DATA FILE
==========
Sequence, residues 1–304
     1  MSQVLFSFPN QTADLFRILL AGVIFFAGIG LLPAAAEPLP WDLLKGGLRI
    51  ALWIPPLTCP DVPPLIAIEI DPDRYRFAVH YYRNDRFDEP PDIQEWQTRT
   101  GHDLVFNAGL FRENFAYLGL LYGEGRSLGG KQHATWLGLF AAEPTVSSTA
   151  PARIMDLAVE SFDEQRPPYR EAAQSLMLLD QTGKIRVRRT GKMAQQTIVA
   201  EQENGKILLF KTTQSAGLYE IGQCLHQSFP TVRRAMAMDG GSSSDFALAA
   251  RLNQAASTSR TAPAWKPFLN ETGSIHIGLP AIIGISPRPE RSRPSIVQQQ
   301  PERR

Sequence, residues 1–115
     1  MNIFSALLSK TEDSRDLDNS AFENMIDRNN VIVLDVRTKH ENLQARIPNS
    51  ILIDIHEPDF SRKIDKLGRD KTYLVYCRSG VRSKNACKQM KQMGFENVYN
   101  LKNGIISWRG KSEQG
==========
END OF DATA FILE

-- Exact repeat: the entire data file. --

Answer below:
Sequence, residues 1–304
     1  MSQVLFSFPN QTADLFRILL AGVIFFAGIG LLPAAAEPLP WDLLKGGLRI
    51  ALWIPPLTCP DVPPLIAIEI DPDRYRFAVH YYRNDRFDEP PDIQEWQTRT
   101  GHDLVFNAGL FRENFAYLGL LYGEGRSLGG KQHATWLGLF AAEPTVSSTA
   151  PARIMDLAVE SFDEQRPPYR EAAQSLMLLD QTGKIRVRRT GKMAQQTIVA
   201  EQENGKILLF KTTQSAGLYE IGQCLHQSFP TVRRAMAMDG GSSSDFALAA
   251  RLNQAASTSR TAPAWKPFLN ETGSIHIGLP AIIGISPRPE RSRPSIVQQQ
   301  PERR

Sequence, residues 1–115
     1  MNIFSALLSK TEDSRDLDNS AFENMIDRNN VIVLDVRTKH ENLQARIPNS
    51  ILIDIHEPDF SRKIDKLGRD KTYLVYCRSG VRSKNACKQM KQMGFENVYN
   101  LKNGIISWRG KSEQG